Memo from The Oz. The Australian‘s business editor, Geoff Elliott, sent this email to his staff praising them for their scoops and bidding farewell to those leaving the company
What a great couple of weeks it’s been for scoops. I won’t name any individuals — as a team we’ve played a blinder: in journalism and in showcasing the yarns with great production, in print and online. Thanks all very much.
What we do is one of the core strengths of The Australian.
I also acknowledge this great effort has been achieved during an unsettling week or two. I would like to personally wish Katherine and Lisa all the very best, they will be greatly missed as colleagues. For the Sydney crew let’s have a few drinks tonight to toast what I’m sure will be their successful future.
Drinks will also be held tonight in Melbourne for senior writer Stuart Rintoul, who is leaving The Oz after more than 15 years of service.
A Test of Sydney papers. The news pretensions of the management of The Sydney Morning Herald have been exposed this morning with their non-coverage of the thrilling Ashton Agar heroics on day two of the first Test from Trent Bridge. Nothing on page one of the edition in Sydney’s inner eastern and western suburbs, nor any mention on the back page where sports coverage starts. The only mention of part of his innings was a story from Chloe Saltau on the bottom of page 49, under extensive coverage of day one! The story was written up to lunch in the Test, with Agar not out 69. He went on to score 98 and broke all manner of records …
Contrast that with The Daily Telegraph: coverage on page one (a near full-page pic) and a big pic on the back page at the start of the sports story. The page one write-off with the pic included reference to his final score and the record innings for a number 11 batsman and the record partnership with Hughes. Bean counters or just a confused and hopeless production system might be the excuse trotted out, but for all its faults The Tele and its managers know a good news story when it falls into their lap. — Glenn Dyer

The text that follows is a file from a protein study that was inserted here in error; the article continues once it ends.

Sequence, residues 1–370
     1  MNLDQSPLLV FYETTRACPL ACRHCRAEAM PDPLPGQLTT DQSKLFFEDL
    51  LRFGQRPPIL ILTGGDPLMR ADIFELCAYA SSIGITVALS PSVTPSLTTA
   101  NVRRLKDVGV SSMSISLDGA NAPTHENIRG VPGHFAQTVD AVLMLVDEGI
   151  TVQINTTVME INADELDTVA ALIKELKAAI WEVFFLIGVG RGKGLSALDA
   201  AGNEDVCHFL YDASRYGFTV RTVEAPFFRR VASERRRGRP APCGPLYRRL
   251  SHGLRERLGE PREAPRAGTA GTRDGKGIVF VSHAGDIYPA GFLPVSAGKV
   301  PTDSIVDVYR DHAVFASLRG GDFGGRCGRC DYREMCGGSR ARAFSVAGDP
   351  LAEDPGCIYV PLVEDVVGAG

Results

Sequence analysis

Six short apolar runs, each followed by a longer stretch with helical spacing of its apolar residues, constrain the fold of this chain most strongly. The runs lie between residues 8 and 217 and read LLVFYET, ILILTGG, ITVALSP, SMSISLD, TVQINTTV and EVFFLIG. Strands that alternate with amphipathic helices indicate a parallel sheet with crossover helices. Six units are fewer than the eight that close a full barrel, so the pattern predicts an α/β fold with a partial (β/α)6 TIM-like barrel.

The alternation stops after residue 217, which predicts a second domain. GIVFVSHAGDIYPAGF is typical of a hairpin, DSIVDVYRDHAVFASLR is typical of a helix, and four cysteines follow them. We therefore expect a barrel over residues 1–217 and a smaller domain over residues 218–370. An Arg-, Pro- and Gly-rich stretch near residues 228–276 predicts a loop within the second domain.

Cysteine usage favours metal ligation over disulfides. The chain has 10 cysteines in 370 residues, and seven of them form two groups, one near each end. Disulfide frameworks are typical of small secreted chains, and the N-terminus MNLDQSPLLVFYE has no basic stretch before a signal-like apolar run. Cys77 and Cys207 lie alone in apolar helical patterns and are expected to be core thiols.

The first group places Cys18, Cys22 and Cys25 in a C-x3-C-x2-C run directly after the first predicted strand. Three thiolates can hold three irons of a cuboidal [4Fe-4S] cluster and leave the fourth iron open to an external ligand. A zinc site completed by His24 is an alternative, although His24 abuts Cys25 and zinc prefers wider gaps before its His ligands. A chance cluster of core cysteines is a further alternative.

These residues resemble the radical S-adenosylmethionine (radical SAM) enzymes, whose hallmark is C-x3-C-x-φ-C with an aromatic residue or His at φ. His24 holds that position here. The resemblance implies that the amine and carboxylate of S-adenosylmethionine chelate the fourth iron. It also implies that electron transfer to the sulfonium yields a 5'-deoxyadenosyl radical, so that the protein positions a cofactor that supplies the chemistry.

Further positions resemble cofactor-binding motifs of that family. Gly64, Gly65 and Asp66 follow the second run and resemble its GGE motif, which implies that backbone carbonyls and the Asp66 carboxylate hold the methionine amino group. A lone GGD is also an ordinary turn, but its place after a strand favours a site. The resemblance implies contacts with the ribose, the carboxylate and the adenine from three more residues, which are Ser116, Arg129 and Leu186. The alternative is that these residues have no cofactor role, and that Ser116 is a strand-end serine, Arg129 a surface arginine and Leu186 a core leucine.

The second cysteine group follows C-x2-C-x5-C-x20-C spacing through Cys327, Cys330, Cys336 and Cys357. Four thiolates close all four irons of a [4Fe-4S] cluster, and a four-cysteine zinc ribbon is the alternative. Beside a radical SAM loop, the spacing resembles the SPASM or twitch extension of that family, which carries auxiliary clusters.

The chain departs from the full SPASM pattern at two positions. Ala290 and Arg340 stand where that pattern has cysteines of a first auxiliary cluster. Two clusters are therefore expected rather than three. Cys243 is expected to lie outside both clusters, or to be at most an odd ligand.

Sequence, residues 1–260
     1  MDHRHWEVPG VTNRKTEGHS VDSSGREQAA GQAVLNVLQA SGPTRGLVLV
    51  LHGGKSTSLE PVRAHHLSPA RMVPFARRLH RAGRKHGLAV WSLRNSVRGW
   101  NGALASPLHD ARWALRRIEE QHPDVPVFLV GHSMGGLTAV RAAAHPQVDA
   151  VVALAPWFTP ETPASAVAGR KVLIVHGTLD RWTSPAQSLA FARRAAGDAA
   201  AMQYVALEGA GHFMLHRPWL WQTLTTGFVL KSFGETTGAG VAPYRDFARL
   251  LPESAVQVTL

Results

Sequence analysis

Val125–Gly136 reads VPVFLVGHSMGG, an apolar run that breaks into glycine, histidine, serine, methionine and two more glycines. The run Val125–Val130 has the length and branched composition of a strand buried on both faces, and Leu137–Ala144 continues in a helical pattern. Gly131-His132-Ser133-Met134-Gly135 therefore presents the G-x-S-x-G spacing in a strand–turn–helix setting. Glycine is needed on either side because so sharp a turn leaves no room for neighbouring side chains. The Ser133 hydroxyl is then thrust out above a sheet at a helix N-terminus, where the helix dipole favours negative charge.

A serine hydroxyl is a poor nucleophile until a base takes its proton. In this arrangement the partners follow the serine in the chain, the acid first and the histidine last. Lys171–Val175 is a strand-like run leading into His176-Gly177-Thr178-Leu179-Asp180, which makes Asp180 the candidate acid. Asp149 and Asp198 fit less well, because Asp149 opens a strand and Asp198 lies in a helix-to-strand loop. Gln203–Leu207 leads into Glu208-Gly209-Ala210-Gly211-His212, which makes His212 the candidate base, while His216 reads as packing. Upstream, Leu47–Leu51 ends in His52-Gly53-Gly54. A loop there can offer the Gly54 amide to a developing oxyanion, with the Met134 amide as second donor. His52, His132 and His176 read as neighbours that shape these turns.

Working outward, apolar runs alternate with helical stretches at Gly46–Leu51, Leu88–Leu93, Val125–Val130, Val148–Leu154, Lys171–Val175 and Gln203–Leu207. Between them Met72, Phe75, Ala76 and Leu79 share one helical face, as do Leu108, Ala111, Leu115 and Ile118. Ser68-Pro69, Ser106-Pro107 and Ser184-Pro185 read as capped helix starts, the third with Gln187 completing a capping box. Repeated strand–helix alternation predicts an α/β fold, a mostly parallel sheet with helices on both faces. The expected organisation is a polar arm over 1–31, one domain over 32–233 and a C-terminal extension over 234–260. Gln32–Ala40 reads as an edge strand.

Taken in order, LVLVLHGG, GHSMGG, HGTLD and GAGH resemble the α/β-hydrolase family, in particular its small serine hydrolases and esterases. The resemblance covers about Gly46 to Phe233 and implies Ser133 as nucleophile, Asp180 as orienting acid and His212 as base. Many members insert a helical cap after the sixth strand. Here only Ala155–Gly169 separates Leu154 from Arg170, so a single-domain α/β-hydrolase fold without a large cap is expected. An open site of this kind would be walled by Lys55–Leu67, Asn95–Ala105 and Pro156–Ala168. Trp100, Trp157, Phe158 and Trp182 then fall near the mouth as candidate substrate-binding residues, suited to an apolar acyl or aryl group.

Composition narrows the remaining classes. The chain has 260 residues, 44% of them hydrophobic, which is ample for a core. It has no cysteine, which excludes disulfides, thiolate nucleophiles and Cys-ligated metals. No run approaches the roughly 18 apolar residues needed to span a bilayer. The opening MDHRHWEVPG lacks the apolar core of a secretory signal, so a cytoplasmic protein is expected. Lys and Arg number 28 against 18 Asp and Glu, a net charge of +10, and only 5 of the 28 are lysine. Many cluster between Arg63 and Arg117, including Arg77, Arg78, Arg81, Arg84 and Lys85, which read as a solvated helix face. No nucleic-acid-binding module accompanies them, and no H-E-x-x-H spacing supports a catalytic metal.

Carr’s wife recalls brutal knifing. Crikey is a big fan of Kim Carr’s wife Carole Fabian’s Twitter stream. This morning Fabian made a good point — the grave situation that led to Julia Gillard winning preselection in Lalor in 1998 against Left-backed clerks’ union official Gaye Yuille:
Gillard, just like this week’s parachuted Lalor contender Lisa Clutterham, was from South Australia and virtually unknown in the electorate. But by ratting on the Socialist Left she managed to gather the support of powerbrokers inside Stephen Conroy’s Labor Unity faction to add to Martin Ferguson’s Independent Left group. The rats then got support from Unity in a bunch of state seats and returned the favour at the 1999 Holt byelection, where Unity-aligned Jacinta Collins adviser Anthony Byrne triumphed over the Left’s Jill Hennessy. Amusingly, one of the grass roots campaigns that Gillard hitched her wagon to to convince 300 local members of her suitability for office was the Werribee toxic waste dump also opposed by her recent pick to succeed her, local school teacher Joanne Ryan. — Andrew Crook
Get Fact: soothsayer stumbles. In this age of serious and sustained fact-checking it doesn’t seem right for there to be facts out there lying around unchecked. Today, we examine the claims of Spotswood psychic Grant Watson on the Labor leadership as published in Fairfax’s Maribyrnong Weekly on January 19, 2011. Let’s go to the Weekly‘s archives: “PM Won’t Serve Full Term, Says Psychic”. In summary, Watson’s predictions were:
- Julia Gillard will get fat and no longer be PM by end of year
- Gillard will need crutches and wheelchair
- WikiLeaks founder Julian Assange will beat his charges and fade into background and will be seen having al fresco coffees
- Small investors are in trouble in the first two weeks in March
- Melbourne shall have extreme cold and wet weather. Ice on the ground.
Now let’s check the facts:
- Gillard made it through all of 2011 (and all of 2012 for that matter) without being deposed, getting fat or needing ambulatory aids. We rate this claim as rubbish.
- Assange obviously didn’t beat his charges, but has he been seen having al fresco coffees? A search yields no results suggesting that he has not been seen, and further Crikey would suggest he has also not had any unseen al fresco coffees as he was under house arrest at the Ecuadorian Embassy and thus unable to go outside, a necessary requirement for any al fresco activity. False.
- Small investors are in trouble in the first two weeks in March. According to News.com.au, the ASX closed lower on March 9, but there is nothing to suggest small investors were in any particular trouble. Also rubbish.
- Melbourne almost didn’t make it with the ice on the ground, but who can forget the massive Christmas Day 2011 hail storms? True.
In summary, not a great hit rate for the Weekly and Grant Watson, who would have gotten away with it too if it weren’t for those damned fact-checkers. — Andrew Crook
Front page of the day. With characteristic subtlety, The Sun has weighed in on former England footballer Paul Gasgoine’s battle with alcoholism. Yesterday’s front page was a “cut out and keep” poster warning landlord, shop keepers and fans not to shout Gasgoine a drink. An accompanying editorial reads: “Once, Gazza inspired the nation. Maybe the nation can save him”.